still available in a cell. We can skip this computation and populate
the array with the number of available patterns instead.

At start all patterns are valid anywhere in the Wave, so all cells
share the same value (npat). We must however pick one cell at random and
assign a lower value to it. Why ? Because the algorithm in draw() needs
to find a cell with the minimum non-zero entropy value.
'''

entropy = dict(enumerate(sample(tuple(npat if i > 0 else npat-1 for i in xrange(out_w*out_h)), out_w*out_h)))

''' Array adjacencies (for Adjacencies) is an index datastructure that
describes the ways
that the patterns can be placed near one another. More explanations below
'''

adjacencies = dict(enumerate(tuple(set() for dir in xrange(len(directions))) for i in xrange(npat))) # explanations below

#### Computation of patterns compatibilities (check if some patterns are adjacent, if so -> store them based on their location)

''' EXAMPLE:
If pattern index 42 can placed to the right of pattern index 120,
we will store this adjacency rule as follow:

Here '1' stands for 'right' or 'East'/'E'

0 = left or West/W
1 = right or East/E
2 = up or North/N
3 = down or South/S
'''

# Comparing patterns to each other
for i1 in xrange(npat):
for i2 in xrange(npat):

'''(in case when N = 3) If the first two columns of
pattern 1 == the last two columns of pattern 2
--> pattern 2 can be placed to the left (0) of pattern 1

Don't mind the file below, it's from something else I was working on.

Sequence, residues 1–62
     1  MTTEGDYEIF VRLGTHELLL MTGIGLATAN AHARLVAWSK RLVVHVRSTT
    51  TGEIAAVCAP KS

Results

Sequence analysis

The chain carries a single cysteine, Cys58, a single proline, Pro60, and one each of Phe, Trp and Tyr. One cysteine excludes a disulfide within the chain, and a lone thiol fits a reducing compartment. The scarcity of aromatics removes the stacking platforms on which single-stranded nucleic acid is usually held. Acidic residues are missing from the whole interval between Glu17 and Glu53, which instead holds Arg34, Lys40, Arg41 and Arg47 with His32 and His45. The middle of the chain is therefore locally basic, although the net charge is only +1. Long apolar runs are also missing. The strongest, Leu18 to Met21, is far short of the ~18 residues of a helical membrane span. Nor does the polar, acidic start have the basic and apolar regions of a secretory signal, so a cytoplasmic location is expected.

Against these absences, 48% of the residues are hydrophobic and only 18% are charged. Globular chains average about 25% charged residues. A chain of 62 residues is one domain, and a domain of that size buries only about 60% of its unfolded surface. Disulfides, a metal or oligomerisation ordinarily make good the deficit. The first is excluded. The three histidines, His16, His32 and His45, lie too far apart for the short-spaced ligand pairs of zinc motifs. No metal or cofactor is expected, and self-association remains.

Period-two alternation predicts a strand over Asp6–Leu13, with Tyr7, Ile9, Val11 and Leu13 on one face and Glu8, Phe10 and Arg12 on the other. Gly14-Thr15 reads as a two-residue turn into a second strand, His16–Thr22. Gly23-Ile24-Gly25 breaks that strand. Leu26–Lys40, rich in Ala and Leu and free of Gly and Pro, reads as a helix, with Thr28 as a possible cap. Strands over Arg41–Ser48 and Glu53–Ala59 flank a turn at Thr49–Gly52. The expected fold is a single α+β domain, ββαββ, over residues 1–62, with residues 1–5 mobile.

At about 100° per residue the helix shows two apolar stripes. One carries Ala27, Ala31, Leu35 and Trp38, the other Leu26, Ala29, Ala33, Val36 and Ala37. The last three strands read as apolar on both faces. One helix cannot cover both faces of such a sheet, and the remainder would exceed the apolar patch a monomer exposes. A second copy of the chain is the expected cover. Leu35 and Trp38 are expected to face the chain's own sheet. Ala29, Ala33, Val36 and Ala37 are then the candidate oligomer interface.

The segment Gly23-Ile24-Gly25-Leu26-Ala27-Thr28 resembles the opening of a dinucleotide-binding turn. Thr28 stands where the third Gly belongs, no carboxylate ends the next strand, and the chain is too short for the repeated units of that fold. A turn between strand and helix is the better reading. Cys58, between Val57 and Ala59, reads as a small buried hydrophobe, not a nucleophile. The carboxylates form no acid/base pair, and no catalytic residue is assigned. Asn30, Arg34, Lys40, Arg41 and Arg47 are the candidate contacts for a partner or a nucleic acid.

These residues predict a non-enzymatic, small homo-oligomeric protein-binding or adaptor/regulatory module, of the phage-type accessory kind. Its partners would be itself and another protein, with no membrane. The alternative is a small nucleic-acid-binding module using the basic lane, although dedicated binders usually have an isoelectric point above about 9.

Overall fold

'''

if [n for i, n in enumerate(patterns[i1]) if i%N!=(N-1)] == [n for i, n in enumerate(patterns[i2]) if i%N!=0]:

'''(in case when N = 3) If the first two rows of
pattern 1 == the last two rows of pattern 2
--> pattern 2 can be placed on top (2) of pattern 1
'''

if patterns[i1][:(N*N)-N] == patterns[i2][N:]:

def draw():
global entropy, wave

# Simple stopping mechanism

'''If the dict (or arraylist) of entropies is empty -> stop iterating.
We'll see later that each time a cell is collapsed, its corresponding key
in entropy is deleted
'''

if not entropy:
print 'finished'
noLoop()
return

#### OBSERVATION

''' Find cell with minimum non-zero entropy (not collapsed yet).'''

entropy_min = min(entropy, key = entropy.get)

#### COLLAPSE

''' Among the patterns available in the selected cell (the one with min entropy),
select one pattern randomly, weighted by the frequency that pattern appears
in the input image.'''

pattern_id = choice([pattern_idx for pattern_idx in wave[entropy_min] for i in xrange(freqs[pattern_idx])]) # index of selected pattern

''' The Wave's subarray corresponding to the cell with min entropy should now only contains
the id of the selected pattern '''

wave[entropy_min] = {pattern_id}

''' Its key can be deleted in the dict of entropies '''

del entropy[entropy_min]

#### PROPAGATION

''' Once a cell is collapsed, its index is put in a stack.
That stack is meant later to temporarily store indices of neighoring cells '''

stack = {entropy_min}

''' The propagation will last as long as that stack is filled with indices '''

while stack: